Though Roop Mayall DDS ’18 has spoken with a stutter her entire life, she didn’t let it stop her from pursuing a career in dentistry.
BY YASMINE PEZESHKPOUR MCM ’16
Standing at a busy restaurant counter during the lunch rush, Roop Mayall approaches the cashier to place her order.
“Name for the order, please?” he asks.
She opens her mouth to say her name, but she can’t make a sound. She begins to feel the heat of anxiety build inside of her.
The cashier repeats himself, “What’s your name, Miss?” he asks.
She tries again to say her name but is overwhelmed and entangled in her own words.
After what feels like an eternity and with a sea of people waiting behind her to order, she is finally able to produce the word, “Roop.”
One of three million
Situations likes these are not at all uncommon for people who struggle with speech disorders.
Three million Americans suffer from a stutter, according to the National Institute on Deafness and Other Communication Disorders. Fourth-year Ostrow DDS student Roop Mayall is one of them.
“For as long as I can remember, I have had a stammer,” she says. “Anything from public speaking to simple interactions with people to saying my name has always given me extreme anxiety.”
Growing up in Davis, Calif., Mayall always knew she sounded different than other kids, but fortunately she had a supportive group of friends and family, so it never bothered her.
“As a child, I never let my stutter get to me personally,” she says. “I first felt the negative impact of my stutter in college. I felt an enormous pressure to hide my stutter. That’s when I started avoiding my friends and family.”
“At some point, your circumstances will put you at a crossroads between self-acceptance and self-doubt — just don’t let your limitations keep you tied down.”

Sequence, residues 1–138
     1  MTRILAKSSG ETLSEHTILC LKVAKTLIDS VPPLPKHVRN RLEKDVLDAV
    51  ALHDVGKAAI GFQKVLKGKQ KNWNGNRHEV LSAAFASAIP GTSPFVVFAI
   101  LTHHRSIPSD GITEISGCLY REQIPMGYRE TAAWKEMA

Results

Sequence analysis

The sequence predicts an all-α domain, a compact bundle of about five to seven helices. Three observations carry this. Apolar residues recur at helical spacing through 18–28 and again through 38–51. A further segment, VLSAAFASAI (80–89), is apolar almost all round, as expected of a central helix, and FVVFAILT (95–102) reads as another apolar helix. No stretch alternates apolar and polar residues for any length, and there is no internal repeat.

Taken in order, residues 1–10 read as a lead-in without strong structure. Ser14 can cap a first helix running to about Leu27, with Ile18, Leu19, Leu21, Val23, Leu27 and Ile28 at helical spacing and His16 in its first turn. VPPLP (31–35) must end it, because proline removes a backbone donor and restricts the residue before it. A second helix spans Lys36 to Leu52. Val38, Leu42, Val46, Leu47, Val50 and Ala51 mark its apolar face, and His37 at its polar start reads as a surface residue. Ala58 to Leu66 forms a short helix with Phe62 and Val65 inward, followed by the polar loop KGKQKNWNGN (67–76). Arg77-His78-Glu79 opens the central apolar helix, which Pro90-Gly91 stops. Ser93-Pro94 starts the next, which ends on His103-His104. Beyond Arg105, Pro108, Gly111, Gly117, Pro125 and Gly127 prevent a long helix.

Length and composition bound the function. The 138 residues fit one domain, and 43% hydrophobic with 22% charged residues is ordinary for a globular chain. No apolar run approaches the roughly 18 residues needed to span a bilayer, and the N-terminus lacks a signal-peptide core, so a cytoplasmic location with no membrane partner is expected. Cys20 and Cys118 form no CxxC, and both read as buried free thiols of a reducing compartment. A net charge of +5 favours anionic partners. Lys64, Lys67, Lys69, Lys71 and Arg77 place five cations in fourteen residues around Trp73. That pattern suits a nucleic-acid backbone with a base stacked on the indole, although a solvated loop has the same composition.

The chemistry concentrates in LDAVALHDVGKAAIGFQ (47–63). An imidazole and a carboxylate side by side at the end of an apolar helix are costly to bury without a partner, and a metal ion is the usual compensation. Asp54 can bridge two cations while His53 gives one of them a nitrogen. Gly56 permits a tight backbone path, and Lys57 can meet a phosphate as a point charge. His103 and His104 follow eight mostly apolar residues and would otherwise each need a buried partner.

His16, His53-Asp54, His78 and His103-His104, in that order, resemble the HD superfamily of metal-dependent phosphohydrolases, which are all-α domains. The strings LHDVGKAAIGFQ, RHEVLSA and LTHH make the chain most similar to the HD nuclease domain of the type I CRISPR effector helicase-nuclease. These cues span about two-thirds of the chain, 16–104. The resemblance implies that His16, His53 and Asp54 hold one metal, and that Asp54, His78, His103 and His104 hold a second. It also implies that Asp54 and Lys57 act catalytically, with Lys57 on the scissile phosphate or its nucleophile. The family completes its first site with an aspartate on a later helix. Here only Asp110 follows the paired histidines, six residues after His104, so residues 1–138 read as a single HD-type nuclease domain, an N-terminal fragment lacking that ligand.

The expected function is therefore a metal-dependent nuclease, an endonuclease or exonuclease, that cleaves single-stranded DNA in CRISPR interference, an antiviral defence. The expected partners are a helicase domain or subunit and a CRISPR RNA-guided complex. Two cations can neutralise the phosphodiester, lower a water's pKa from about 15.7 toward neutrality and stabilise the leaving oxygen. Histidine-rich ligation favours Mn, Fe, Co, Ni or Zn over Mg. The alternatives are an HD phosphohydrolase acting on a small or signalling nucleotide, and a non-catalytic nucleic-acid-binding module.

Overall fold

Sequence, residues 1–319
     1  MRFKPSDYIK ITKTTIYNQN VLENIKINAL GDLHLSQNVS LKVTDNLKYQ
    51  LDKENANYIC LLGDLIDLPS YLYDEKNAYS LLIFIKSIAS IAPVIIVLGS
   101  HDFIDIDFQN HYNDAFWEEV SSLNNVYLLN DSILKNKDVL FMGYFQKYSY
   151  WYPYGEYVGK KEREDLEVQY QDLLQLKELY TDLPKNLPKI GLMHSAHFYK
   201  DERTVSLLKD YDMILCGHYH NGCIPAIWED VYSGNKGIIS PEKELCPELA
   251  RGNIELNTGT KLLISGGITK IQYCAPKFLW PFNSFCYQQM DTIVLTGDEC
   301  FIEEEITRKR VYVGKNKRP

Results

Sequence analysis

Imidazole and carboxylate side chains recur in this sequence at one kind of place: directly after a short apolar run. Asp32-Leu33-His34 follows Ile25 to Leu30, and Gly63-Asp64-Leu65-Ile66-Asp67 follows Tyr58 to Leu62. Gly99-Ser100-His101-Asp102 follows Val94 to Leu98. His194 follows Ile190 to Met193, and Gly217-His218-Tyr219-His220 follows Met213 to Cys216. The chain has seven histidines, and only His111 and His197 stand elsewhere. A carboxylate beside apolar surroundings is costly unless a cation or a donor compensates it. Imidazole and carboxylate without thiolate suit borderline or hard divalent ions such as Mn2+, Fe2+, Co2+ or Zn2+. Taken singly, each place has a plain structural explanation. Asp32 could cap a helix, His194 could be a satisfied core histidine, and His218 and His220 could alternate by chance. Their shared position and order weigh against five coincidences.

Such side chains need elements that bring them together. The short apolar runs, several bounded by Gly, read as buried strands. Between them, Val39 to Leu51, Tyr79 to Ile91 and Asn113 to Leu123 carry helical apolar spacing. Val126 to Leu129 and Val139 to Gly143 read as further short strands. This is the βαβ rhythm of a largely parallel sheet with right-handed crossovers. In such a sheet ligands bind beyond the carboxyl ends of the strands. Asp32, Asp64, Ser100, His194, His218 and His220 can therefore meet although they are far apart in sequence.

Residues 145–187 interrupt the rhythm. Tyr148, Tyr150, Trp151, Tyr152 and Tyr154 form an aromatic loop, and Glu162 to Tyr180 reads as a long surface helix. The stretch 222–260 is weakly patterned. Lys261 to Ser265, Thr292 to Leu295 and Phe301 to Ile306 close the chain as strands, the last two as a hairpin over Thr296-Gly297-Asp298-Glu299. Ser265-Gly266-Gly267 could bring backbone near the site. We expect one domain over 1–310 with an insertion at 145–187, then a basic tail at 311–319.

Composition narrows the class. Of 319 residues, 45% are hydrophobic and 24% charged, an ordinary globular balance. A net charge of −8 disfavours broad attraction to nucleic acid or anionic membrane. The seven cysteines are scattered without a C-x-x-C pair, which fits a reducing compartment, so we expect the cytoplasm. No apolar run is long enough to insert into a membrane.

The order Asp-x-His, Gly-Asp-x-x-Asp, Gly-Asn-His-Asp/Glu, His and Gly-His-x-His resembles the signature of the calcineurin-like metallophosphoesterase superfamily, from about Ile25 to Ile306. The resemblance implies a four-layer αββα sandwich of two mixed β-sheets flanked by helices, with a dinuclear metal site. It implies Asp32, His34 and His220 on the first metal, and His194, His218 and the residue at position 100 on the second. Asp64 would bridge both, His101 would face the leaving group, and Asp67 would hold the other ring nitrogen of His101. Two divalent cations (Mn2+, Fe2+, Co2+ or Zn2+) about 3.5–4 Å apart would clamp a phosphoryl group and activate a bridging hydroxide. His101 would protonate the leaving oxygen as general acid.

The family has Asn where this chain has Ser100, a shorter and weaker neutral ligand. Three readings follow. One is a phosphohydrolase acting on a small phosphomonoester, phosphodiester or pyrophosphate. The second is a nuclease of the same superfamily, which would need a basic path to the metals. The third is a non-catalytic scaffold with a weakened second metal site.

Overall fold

—Roop Mayall DDS ’18
As Mayall became older, she started to realize how her speech inadvertently caused others to judge her in both personal and professional settings.
“It was one of those unfair truths,” Mayall says. “Almost every speaking situation was clouded with negative emotions, from briefly introducing myself to participating in school presentations.”
Stuttering became a great source of anxiety, and her avoidance tactics were starting to fall short.
“It was simply exhausting,” she explains. “It took more energy to avoid situations than to actually deal with my stutter.”
From a young age, Mayall remembers going to various speech pathologists but says that, while they all had the best intentions, their interventions never worked for her.
With the support of her family, Mayall enrolled in the McGuire Programme in high school.
The McGuire Programme is a worldwide community that helps participants overcome stuttering using breathing and other techniques.
“It’s not a cure by any means, but rather an amazing support system,” she says.
The program teaches a breathing technique used by opera singers called “costal breathing.” It also incorporates psychological approaches known as “non-avoidance” and ways to counteract the freezing during speech or conversation.
“I still have days when I’m struggling with my speech, but now I know what I must do, and I have tools to make that change,” she says. “To me that has been life changing.”
This story originally appeared in the TroDent, the official publication for the Herman Ostrow School of Dentistry of USC. Read more stories like this in our Spring 2018 issue.
Posted May 2018